By Kent Burns, CPA
I continue to have solid dialogue with CAE’s all over the U.S. on hiring and retaining internal auditors. Last month, I focused on acquiring talent, sharing insights and best practices from eight world-class Chief Audit Executives. This month, we turn our focus to retention. Given that it’s so hard to hire good internal auditors – how do you keep them once you find them?
Environment and Flexibility
Work environment and flexibility are both critical to retaining internal auditors. Jeff Perkins, CAE at Transunion and member of the IIA’s Global Professional Development Committee, shared with me some of the very cool things his company has done to address both, making it hard for employees to leave, including his internal auditors. They recently gutted their downtown Chicago office to create a huge, open-concept with space for games and entertainment. The space features lots of sunlight, bright colors, and a coffee/TV viewing area on every floor. There are no individual offices; a variety of meeting rooms are available when privacy is needed. And, they are truly working in a paperless environment.
Perkins’ team can work two days a week from home – the deal is that he expects a little additional work done due to the added convenience and the commute time saved. He allows flexible start times and the option to work ten-hour days in the Summer that can be used in exchange for time off. There are no assigned desks, and employees operate with laptops and backpacks. And, if that’s not enough… to facilitate exercise and relaxation, there’s a ping-pong room, a pool table, foosball, x-box, treadmills and stationary bikes with work tops. The internal audit team makes it a priority to use the facilities daily as a place where they can have work dialogue and discuss issues while also engaging in fun activities.
The new generation of internal auditors wants to identify with something bigger. Neal Golub, Chief Auditor at Movement Mortgage, says, “We’re here for a bigger purpose.” Close to 70 percent of their employees contribute to the Love Works fund, which acts as a source of financial support employees and their families in times of crisis. They also have reinvested over $25 million in communities all over the United States through the Movement Foundation.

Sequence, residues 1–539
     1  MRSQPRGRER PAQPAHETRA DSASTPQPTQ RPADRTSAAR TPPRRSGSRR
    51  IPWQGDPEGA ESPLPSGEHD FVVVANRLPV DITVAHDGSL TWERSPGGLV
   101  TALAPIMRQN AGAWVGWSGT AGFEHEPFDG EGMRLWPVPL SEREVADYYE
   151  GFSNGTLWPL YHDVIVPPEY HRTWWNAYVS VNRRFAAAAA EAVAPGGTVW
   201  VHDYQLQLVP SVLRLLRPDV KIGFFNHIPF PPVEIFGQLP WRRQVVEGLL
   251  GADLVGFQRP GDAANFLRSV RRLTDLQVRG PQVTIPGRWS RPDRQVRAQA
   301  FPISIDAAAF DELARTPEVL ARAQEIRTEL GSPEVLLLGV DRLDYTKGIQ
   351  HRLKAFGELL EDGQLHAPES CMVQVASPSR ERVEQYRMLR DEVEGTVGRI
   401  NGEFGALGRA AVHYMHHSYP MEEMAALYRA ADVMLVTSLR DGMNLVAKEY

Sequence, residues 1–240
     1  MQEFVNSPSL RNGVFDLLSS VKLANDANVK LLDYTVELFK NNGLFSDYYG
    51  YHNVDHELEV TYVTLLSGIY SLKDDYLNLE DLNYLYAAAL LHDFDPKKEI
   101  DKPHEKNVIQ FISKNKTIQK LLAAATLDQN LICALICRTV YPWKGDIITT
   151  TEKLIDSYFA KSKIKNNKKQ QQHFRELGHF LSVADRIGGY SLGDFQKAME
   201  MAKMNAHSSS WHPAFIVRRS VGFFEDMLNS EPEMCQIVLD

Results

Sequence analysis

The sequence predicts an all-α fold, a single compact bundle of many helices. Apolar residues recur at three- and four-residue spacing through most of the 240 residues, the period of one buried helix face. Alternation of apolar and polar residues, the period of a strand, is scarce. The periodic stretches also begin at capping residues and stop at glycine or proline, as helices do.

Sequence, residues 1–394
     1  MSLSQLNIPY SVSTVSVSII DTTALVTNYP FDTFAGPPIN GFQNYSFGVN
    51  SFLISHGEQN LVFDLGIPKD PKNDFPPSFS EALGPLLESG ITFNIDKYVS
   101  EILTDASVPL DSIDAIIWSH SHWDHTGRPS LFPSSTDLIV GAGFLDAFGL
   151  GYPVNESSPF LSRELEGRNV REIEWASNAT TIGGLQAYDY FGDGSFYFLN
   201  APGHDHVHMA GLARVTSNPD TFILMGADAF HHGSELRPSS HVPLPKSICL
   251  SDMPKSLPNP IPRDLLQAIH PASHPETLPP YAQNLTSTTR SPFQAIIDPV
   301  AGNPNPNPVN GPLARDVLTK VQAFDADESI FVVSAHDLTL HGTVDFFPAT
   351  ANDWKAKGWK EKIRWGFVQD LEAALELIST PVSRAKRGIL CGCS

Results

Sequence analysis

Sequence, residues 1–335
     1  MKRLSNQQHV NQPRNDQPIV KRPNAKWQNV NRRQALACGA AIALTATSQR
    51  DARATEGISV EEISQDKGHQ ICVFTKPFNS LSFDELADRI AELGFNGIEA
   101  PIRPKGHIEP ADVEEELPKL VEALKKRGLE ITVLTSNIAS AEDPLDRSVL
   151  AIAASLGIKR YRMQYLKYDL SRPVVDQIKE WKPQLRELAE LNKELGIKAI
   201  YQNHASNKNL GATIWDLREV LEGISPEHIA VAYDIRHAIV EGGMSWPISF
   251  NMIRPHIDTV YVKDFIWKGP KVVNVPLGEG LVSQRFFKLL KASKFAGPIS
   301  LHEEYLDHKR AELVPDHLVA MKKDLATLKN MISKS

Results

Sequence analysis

Movement is based in Charlotte, where there are tons of banks. Golub points out, “We aren’t the highest payer” in the area. Yet his team is engaged and invested in the organizational mission. He says most of his team grew up Post-9/11 and “they just believe there is more to life.”
Give Them a Say
After enduring a run of high staff turnover, Tim Kenny, Senior Vice President and General Auditor at Freddie Mac, began reading and researching Millennials. A common theme jumped out at him: “Millennials want a say.” Soon after that realization, in a meeting with his senior leaders about stemming the turnover, he asked, “Why don’t we just make them responsible?” That turned out to be a pivotal question. What followed was the creation and selection of a Staff Advisory Council designed to provide a forum for discussion of ideas, concerns and, frankly, complaints. He charged the Council to provide the leadership team with their input on three things: 1) what should we stop doing; 2) what should we start doing; and 3) what should we change.
Kenny said that in time, the Council presented him with a “very lengthy list.” At that point, he says, the Council thought their work was finished. However, Kenny told them, “Oh no, you’re not done yet. You have joint and several responsibility for these items.” He instructed them to prioritize the list and come back with their Top 10, along with a business case for each. Soon, the Council came back with a business case for the first item. After doing some follow up research at Kenny’s request, he says, “We did it….and it shocked them. They didn’t think they could influence change within our own team like they did.” Kenny and Freddie Mac ultimately executed on nine of those original ten items.
The impact? Attrition in his internal audit group decreased by fifty percent over the next 12-18 months. Now they are focusing on how to sustain staff engagement.
Give them a say.
Anders Land, Senior Vice President and Head of Internal at QBE North America is a big believer in using challenge and development to retain internal audit talent. He says, “I focus on the experience more than the (job) movement. I want to offer a diverse and challenging work environment, so that people feel like they are constantly learning…I realize that the world is changing very fast, so I try to make sure that people understand I continuously invest in people…we’ve created centers of excellence, and we up-skill people in areas like data analytics and other hot topics in the industry.”
Land believes that people naturally like to collaborate. As part of developing his one-year and three-year audit plan, he meets with his staff and gives them a chance to volunteer to work in areas they are interested in. He also is diligent in rotating people into new areas, juggling staffing combinations so that institutional knowledge can be leveraged while creating new challenges for his team. Additionally, he pushes his team hard to identify ways that internal audit can help drive their business forward.
The Bottom Line
Today’s internal auditors have the potential to be the most impactful the profession has ever seen. Will that impact be realized? The profession is changing; the people are changing. Creating the conditions to experience that impact won’t be easy. It is imperative that CAE’s are diligent in their efforts to retain talent. Internal auditors are a lot like customers. It’s a whole lot better to keep one than to be faced with finding a new one.